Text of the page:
While on a recent late-season muzzleloader deer hunt in western Illinois, we experienced some very cold temperatures for part of the hunt. It certainly made sitting in a tree stand all day a challenge. Fortunately I was well-prepared with lots of cold weather clothing and I was able to endure. However, I wasn't always as well-equipped, and I have learned over the years what's needed. This two-part article outlines my formula for success. Part 1 of stay warm when hunting dealt with clothing. Now we'll look at other aspects of the overall strategy.
|Hand and feet warmers are a must for hunters braving the winter weather.|
Don't Put on Your Outer Layers Indoors
One of the biggest problems with staying warm all day is staying dry when you first head to your stand. Although the various base layer materials mentioned in Part 1 do a good job of wicking sweat away from your skin, the best medicine is always prevention. If you can avoid overheating before you get to your stand, you will stay dry. At the least, don't put on your outer layers indoors in the heat, as you will be sweating before you even step out the door. I keep my outer layers in scent-free containers in my truck so I can put them on outside. If I have a long walk to my stand, or will have to trudge uphill or through heavy snow, I will tie my parka around my waist rather than wearing it, and unbutton my other top layers, and then put everything on once I'm at my stand. I may also carry in some layers in my pack instead.
External Heat Sources
I make use of whatever technological help is available and practical when trying to stay warm. For instance, I have been very happy with the ThermaCELL Rechargeable Heated Insoles to help keep my feet warm. I may also add chemical foot warmers inside my boots to keep my toes toasty warm. I will also use some type of hand warmer inside my gloves and particularly inside a fleece hand muff. This combination often allows me to get by without a glove at all on my shooting hand. When hunting out of a ground blind or elevated box blind, a portable propane heater can also be a game-changer.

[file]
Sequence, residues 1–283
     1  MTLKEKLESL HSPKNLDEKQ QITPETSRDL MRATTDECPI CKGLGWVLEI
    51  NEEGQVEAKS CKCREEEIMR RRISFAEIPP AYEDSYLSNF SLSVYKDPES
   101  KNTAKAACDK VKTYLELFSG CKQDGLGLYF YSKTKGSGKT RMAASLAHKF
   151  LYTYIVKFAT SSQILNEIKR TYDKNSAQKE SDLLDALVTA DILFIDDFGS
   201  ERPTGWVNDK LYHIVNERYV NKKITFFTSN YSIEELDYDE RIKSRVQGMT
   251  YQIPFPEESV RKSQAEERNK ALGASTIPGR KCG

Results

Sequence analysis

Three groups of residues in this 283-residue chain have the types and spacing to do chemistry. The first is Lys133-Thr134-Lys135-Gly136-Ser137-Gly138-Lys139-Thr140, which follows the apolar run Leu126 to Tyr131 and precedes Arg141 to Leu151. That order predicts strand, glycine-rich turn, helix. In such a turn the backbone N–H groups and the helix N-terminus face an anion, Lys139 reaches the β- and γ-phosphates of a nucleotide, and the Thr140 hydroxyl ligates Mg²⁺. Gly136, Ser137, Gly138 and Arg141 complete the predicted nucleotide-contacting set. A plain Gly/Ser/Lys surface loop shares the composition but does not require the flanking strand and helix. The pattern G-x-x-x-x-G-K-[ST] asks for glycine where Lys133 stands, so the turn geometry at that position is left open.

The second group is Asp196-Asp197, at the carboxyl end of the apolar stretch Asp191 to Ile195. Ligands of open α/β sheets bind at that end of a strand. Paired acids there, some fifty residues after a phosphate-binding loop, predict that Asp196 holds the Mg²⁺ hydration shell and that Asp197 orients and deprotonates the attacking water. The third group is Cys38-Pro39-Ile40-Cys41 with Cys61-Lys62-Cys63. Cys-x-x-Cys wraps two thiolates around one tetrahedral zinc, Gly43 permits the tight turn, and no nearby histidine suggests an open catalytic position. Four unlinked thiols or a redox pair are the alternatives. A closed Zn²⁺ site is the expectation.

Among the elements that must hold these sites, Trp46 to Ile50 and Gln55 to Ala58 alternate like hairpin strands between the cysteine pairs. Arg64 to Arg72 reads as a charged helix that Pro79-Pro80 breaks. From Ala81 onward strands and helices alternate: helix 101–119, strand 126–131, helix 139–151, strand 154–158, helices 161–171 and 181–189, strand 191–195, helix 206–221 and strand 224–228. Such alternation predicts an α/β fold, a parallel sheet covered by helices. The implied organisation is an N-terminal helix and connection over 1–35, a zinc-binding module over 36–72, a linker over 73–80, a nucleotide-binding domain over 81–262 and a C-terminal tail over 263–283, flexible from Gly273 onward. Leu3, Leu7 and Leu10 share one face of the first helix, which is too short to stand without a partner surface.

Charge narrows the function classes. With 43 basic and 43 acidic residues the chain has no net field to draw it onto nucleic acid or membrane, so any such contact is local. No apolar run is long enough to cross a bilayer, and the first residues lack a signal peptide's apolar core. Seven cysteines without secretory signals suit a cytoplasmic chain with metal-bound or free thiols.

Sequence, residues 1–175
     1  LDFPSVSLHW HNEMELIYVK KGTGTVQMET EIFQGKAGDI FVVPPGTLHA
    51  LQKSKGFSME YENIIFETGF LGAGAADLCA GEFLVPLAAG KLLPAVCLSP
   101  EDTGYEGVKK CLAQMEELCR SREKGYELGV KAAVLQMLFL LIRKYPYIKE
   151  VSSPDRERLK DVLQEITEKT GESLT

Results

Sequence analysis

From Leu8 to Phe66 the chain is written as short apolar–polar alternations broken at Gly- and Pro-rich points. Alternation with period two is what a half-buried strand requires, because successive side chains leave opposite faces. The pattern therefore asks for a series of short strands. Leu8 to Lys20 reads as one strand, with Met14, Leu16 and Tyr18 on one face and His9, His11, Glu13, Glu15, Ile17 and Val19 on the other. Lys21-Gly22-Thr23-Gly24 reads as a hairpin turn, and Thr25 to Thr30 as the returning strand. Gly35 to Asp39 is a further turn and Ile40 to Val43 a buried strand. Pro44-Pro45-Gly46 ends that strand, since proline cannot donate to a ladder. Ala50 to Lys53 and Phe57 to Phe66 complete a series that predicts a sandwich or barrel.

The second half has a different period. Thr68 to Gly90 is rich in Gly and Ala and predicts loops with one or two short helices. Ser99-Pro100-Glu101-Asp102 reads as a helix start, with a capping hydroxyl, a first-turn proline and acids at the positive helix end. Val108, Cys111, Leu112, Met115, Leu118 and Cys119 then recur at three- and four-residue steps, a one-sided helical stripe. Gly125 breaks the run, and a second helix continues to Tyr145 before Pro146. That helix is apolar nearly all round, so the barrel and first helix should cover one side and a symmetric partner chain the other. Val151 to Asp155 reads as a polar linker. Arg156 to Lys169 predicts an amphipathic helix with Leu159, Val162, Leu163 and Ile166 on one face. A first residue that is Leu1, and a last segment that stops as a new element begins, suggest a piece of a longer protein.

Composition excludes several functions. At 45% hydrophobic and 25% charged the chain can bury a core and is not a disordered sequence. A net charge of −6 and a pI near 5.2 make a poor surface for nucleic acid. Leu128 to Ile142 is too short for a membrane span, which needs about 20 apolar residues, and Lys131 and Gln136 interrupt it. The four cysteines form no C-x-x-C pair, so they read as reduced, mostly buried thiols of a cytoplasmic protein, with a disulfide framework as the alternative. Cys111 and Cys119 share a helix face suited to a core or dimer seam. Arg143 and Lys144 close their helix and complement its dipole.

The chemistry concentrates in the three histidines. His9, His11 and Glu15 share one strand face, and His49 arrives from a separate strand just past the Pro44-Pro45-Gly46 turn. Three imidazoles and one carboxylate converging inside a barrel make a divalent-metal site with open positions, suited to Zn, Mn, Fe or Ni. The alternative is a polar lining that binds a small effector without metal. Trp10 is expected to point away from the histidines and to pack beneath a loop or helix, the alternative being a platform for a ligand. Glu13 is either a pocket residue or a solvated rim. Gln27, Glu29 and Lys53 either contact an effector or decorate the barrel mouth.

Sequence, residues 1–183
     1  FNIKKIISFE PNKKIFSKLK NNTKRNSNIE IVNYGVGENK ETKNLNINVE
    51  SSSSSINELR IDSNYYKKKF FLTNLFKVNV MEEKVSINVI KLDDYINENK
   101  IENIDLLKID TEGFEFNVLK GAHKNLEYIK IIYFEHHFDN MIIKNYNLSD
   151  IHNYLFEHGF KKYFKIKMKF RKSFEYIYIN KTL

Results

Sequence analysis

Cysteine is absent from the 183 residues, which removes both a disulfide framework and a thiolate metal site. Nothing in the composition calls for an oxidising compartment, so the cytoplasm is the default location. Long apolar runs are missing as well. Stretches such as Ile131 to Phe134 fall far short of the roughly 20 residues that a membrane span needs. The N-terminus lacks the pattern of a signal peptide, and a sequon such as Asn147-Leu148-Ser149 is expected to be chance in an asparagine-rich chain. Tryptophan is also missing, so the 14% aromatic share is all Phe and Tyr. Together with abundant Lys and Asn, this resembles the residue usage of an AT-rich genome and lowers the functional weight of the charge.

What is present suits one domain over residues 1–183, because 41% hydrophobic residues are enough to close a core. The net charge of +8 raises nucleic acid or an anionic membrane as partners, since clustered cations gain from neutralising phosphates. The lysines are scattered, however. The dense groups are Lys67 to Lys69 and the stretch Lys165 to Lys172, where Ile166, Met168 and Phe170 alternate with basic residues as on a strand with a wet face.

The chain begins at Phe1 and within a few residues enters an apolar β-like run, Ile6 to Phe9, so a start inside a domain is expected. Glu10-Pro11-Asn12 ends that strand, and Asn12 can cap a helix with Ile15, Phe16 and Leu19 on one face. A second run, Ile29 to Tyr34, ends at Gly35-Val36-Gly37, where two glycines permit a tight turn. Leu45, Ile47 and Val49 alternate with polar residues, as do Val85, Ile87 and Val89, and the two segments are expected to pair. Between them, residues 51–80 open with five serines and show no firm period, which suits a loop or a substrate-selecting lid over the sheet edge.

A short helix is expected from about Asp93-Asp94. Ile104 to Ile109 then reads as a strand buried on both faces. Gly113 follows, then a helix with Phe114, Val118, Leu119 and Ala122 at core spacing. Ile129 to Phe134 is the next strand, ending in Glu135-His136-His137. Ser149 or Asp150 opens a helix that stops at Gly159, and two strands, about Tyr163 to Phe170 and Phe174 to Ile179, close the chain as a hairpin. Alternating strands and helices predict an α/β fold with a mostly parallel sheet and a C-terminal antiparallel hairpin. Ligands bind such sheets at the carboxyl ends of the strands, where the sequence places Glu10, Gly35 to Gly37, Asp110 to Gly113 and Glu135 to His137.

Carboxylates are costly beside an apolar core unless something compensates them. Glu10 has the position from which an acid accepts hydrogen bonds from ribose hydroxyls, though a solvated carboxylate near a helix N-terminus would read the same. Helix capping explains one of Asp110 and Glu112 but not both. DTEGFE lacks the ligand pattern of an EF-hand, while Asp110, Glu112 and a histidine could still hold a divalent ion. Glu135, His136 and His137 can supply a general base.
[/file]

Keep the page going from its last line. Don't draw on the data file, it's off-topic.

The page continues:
Internal Heat Sources
Simply put, food is energy and energy is heat. You must keep the fire stoked if you hope to stay warm all day. I'll start with a hearty, warm breakfast, whether the traditional bacon/sausage/ham and eggs, or even just a bowl of warm cereal or oatmeal. Wash it down with coffee, tea or hot chocolate to get your body off to the right start. I will carry an insulated Thermos of hot chocolate or soup in my pack to warm me up during the day. Alcohol is out of the question — not only should it never be consumed until the guns are put away for the day but just one alcoholic drink might make you feel warmer while it actually lowers your core body temperature by causing your blood vessels to dilate, moving warm blood closer to the surface of your skin while pumping blood away from your core. That's not good.
If I plan to be out all day, I will pack a substantial lunch consisting of pizza slices or at least two hearty sandwiches, as well as high-protein snacks such as nuts, trail mix or energy bars.
Over and Under
When hunting out of a roomy blind, some hunters will also wrap up in a blanket or sleeping bag, which can make long hours in the field much more comfortable. I use a Heater Body Suit, as it is made for this purpose. Speaking of comfort, I also make sure that I am sitting on a high-quality, padded chair or seat cushion of some sort to keep my butt from absorbing cold from the ground or a metal tree stand.
No matter how good the seat is, however, I do have to stand up periodically to stretch and give my derriere a bit of a break. Not only does this keep your body from getting stiff, but it also gets your blood circulating better and gives you a shot of warmth. If I'm on the ground, I may even go for a walk around my blind, just to build up a bit of body heat. Even climbing down from a treestand for a bit of a break at ground level and perhaps getting out of the wind can certainly extend the time you can remain on stand.
Hunt at the Right Time
Finally, if there's no way I can comfortably stay out all day, I will look to just hunt the usually most productive "shoulder hours" around sunrise and sunset, while keeping warm indoors during the mid-day. It's not my preference, but at least I will be comfortable and not shivering uncontrollably when that trophy buck finally walks into view.